Share This Page

Unions fleecing day care providers

| Thursday, May 30, 2013, 8:55 p.m.

Desperate times call for desperate measures, but the union movement has taken this saying to a new level. It has reacted to dwindling membership by unionizing recipients of public assistance. In more than a dozen states, unions now extract dues from government benefit checks.

The latest example is Minnesota. The Legislature just passed a law unionizing day care providers at the behest of the American Federation of State, County, and Municipal Employees (AFSCME). Employees of large day care centers could already unionize. This bill applies to self-employed day care providers, many of whom run day care centers out of their homes.

Self-employed workers don't normally unionize. What could a union do, demand that someone pay himself more? Have its members strike against themselves?

Minnesota funds a Child Care Assistance Program (CCAP) that subsidizes day care costs for low-income families. The Legislature just defined day care providers receiving CCAP payments as state employees — but only for the purpose of collective bargaining. This will let AFSCME form a statewide union of at-home day care center operators.

It's hard to see how this benefits the day care providers. The law lets AFSCME bargain over subsidy rates, but not the amount Minnesota spends on CCAP. Any increase in rates will come at the cost of fewer families using subsidized day care.

The law certainly benefits the union. The state will deduct mandatory union dues out of CCAP payments. Hundreds of dollars in annual dues from more than 10,000 day care providers works out to a lot of money. The net effect: AFSCME siphons millions of dollars from self-employed day care operators into its coffers, while providing few services in return.

More than a dozen other states also allow unions to collect dues from day care subsidies. Fortunately, other states have been less accommodating. The Service Employees International Union's (SEIU) attempt at a similar scheme in Michigan came crashing down.

In 2006 the SEIU persuaded then-Gov. Jennifer Granholm to let them organize Michigan home-care workers reimbursed by Medicaid. Most of these home-care workers are family members caring for disabled relatives. This saves the state money by avoiding expensive institutionalized care.

These home-care workers made strange candidates for unionization. Parents certainly weren't going to go on strike against their children. But Granholm allowed the SEIU to mail ballots for an organizing vote. Most parents ignored the mailers; fewer than one-fifth sent them back. However, the SEIU mobilized its supporters and won a majority among those who voted.

Perplexed parents soon began seeing union dues deducted from their Medicaid checks. The union charged families hundreds of dollars a year without providing any services.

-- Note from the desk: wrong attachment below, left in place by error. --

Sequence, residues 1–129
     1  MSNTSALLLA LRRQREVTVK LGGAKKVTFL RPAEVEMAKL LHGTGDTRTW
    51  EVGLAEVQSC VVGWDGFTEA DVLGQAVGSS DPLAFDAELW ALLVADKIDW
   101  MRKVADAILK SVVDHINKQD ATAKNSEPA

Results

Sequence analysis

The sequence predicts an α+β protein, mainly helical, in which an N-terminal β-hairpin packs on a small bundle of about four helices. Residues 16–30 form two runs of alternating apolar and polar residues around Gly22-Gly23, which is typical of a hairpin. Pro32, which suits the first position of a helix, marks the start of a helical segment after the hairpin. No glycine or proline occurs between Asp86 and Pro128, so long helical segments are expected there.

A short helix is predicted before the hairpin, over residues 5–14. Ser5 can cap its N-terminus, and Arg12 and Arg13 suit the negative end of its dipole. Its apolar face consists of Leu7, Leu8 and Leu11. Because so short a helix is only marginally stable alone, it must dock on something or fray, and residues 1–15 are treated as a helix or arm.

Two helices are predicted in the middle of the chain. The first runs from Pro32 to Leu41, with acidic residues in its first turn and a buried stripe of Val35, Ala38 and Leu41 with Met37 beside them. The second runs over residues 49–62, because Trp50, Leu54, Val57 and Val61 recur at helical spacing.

The situation didn't last. Corruption charges forced the president of the Michigan SEIU local to resign. After Gov. Granholm left office, the Michigan Legislature terminated the program. Still, before the program ended the SEIU took $34 million from families with disabled children.

Unions need to modernize and adapt to the 21st-century economy. But forcing disadvantaged families to pay dues out of their government benefits is the wrong approach. Unions should reinvent themselves to provide services modern workers value, not tap into money meant for children and the disabled.

James Sherk is a senior policy analyst in labor economics at The Heritage Foundation.

TribLIVE commenting policy

You are solely responsible for your comments and by using TribLive.com you agree to our Terms of Service.

We moderate comments. Our goal is to provide substantive commentary for a general readership. By screening submissions, we provide a space where readers can share intelligent and informed commentary that enhances the quality of our news and information.

While most comments will be posted if they are on-topic and not abusive, moderating decisions are subjective. We will make them as carefully and consistently as we can. Because of the volume of reader comments, we cannot review individual moderation decisions with readers.

We value thoughtful comments representing a range of views that make their point quickly and politely. We make an effort to protect discussions from repeated comments either by the same reader or different readers

We follow the same standards for taste as the daily newspaper. A few things we won't tolerate: personal attacks, obscenity, vulgarity, profanity (including expletives and letters followed by dashes), commercial promotion, impersonations, incoherence, proselytizing and SHOUTING. Don't include URLs to Web sites.

We do not edit comments. They are either approved or deleted. We reserve the right to edit a comment that is quoted or excerpted in an article. In this case, we may fix spelling and punctuation.

We welcome strong opinions and criticism of our work, but we don't want comments to become bogged down with discussions of our policies and we will moderate accordingly.

We appreciate it when readers and people quoted in articles or blog posts point out errors of fact or emphasis and will investigate all assertions. But these suggestions should be sent via e-mail. To avoid distracting other readers, we won't publish comments that suggest a correction. Instead, corrections will be made in a blog post or in an article.